Saskatchewan

Online mock-shoe store outlines personal struggle of finding shoes in a two gender world

Evie Ruddy worked with the National Film Board for Un/Tied.

Evie Ruddy worked with the National Film Board for 'Un/Tied'

Saskatchewan's Evie Ruddy worked with the National Film Board, created a website that looks like a shoe store to show their path through finding themself. (Un/Tied/Website)

When Evie Ruddy goes looking for clothing, they often find that one side of a store is women's clothing and the other is men's.

"I don't identify as male or female. So right off the hop I have a challenge," Ruddy said. "Then in addition to that I prefer the men's side. An added challenge to that is that all of those clothes don't come in my size because I'm quite small."

Ruddy is five feet tall and wears shoes that are women's size six. They said the fashion industry seems to only make clothes based on the size of a regular man.

Ruddy's life experience finding items that fit are the subject of a recent project with the National Film Board of Canada. 

Un/Tied is a website that tells Ruddy's life story through nine shoes they wanted to wear. It starts with having to choose men or women, as Ruddy does when they go online. 

Evie Ruddy's site begins by asking people to choose men or women before highlighting their personal story with the labels. (Un/Tied Website)

"We wanted to invite people who might not otherwise engage with a story told by a gender nonconforming person," Ruddy said. "It's not like a trick but it's a creative way to get people to engage with the story."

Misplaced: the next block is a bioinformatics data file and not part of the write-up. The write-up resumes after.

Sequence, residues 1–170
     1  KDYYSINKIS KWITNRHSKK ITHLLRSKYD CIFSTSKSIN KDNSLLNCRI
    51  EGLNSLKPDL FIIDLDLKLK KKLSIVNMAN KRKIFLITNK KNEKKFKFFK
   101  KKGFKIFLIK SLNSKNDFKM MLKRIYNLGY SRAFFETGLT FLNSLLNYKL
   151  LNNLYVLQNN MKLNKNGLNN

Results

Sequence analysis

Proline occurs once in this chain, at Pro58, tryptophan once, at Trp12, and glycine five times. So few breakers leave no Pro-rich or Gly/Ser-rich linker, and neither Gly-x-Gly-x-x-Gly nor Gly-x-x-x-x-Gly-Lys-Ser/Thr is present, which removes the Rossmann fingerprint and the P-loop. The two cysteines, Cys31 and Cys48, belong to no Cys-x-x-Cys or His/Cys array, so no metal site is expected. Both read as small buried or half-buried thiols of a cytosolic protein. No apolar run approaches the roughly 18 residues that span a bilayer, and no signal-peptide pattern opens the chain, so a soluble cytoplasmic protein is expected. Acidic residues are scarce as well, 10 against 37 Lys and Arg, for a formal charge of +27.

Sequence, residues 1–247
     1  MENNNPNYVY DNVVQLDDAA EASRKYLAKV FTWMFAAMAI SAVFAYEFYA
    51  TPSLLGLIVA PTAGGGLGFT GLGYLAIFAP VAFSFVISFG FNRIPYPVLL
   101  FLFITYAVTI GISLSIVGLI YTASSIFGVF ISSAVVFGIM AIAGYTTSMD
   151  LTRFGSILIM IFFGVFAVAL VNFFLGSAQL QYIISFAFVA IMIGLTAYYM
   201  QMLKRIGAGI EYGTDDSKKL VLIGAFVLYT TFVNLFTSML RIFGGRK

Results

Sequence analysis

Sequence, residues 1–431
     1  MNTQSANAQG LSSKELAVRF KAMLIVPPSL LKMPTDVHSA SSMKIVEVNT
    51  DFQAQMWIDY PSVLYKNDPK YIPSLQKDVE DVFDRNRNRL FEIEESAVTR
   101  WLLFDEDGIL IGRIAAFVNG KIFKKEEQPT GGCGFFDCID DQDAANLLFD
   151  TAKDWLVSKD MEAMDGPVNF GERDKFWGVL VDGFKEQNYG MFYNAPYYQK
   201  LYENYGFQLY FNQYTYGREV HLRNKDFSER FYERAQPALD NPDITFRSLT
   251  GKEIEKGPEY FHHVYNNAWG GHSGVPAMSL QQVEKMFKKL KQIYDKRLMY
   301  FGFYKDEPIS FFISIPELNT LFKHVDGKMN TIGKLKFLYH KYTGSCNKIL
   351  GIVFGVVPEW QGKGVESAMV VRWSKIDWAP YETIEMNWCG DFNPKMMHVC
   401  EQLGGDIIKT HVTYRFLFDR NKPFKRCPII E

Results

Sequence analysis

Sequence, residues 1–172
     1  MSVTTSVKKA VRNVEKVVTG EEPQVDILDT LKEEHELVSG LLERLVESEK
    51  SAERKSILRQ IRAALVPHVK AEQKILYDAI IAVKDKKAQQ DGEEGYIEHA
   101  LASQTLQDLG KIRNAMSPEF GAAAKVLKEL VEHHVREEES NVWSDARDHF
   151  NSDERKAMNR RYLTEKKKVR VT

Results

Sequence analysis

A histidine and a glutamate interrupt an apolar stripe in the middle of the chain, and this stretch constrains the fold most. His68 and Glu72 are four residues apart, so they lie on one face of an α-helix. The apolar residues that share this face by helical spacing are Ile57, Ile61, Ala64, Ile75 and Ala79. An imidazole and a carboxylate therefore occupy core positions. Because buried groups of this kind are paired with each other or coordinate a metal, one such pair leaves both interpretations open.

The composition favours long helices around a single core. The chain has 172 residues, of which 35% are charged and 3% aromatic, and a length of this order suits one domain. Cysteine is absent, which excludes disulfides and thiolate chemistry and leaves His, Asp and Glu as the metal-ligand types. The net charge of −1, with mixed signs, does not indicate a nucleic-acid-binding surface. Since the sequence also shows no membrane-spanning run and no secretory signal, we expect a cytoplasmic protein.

Once someone chooses, they're taken to a screen with the nine pairs of shoes. 

"Some of them I've worn, some of them I've wanted to wear," Ruddy said. "Each pair of shoes comes with a story about my life and having to navigate this gender binary in the fashion industry."

Un/Tied started as a way to go through their life, now Evie Ruddy has released the site publicly with the National Film Board. (Un/Tied/Website)

Ruddy said their parents supported them growing up. 

"My parents treated me like a girl, however they were very open," Ruddy said. "We did traditional boys things. And those restrictions weren't placed on me within my family.

Ruddy said they were never told how to dress or cut their hair.

"They've actually been wonderful in just letting me express myself the way I feel I need to," they said.

Ruddy does go to the women's side of fashion on occasion, they said, but there's fewer choices. 

When I find something that actually fits me and I look in the mirror and I see myself being reflected the way that I think of myself, that feels fantastic.​​​​​​- Evie Ruddy

Ruddy said the first time they felt like themself was shopping for a wedding. It was one of the first times Ruddy tried men's clothing and found a slim, extra small vest. 

"There was no looking back after that. I just loved the way I felt," Ruddy said. "I felt confident, I felt comfortable. It's me."

Evie Ruddy's story ends with a final shoe called 'the evie.' (Un/Tied Website)

Ruddy said they hope people looking at Un/Tied gain an understanding of what it might be like when a person is gender nonconforming.  

"I hope that the fashion industry also rethinks why it is that they make clothes for men and they cut clothes a certain way for women," Ruddy said. "And why not rethink gender and that there are multiple genders, not just two."

Ruddy hopes to see more stores carry smaller and larger sizes, along with gender neutral clothing, because there's a market for nonconforming people. 

"It feels amazing when I'm able to find a shirt that I really want to wear," Ruddy said. 

"When I find something that actually fits me and I look in the mirror and I see myself being reflected the way that I think of myself, that feels fantastic."

About the Author

Heidi Atter

AP/Journalist

Heidi Atter is a Journalist working in Regina. She started with CBC Saskatchewan after a successful internship and has a passion for character-driven stories. Heidi has worked as a reporter, web writer, associate producer and show director so far, and has worked in Edmonton, the Wainwright Military Base, and in Adazi, Latvia. Story ideas? Email heidi.atter@cbc.ca

With files from Joelle Seal and The Morning Edition